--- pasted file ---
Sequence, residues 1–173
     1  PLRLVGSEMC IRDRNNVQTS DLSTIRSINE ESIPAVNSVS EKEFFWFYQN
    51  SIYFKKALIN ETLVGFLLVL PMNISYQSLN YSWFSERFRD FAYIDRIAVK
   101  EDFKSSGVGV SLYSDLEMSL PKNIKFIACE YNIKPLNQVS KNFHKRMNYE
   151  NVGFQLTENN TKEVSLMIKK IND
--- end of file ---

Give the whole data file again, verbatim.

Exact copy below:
Sequence, residues 1–173
     1  PLRLVGSEMC IRDRNNVQTS DLSTIRSINE ESIPAVNSVS EKEFFWFYQN
    51  SIYFKKALIN ETLVGFLLVL PMNISYQSLN YSWFSERFRD FAYIDRIAVK
   101  EDFKSSGVGV SLYSDLEMSL PKNIKFIACE YNIKPLNQVS KNFHKRMNYE
   151  NVGFQLTENN TKEVSLMIKK IND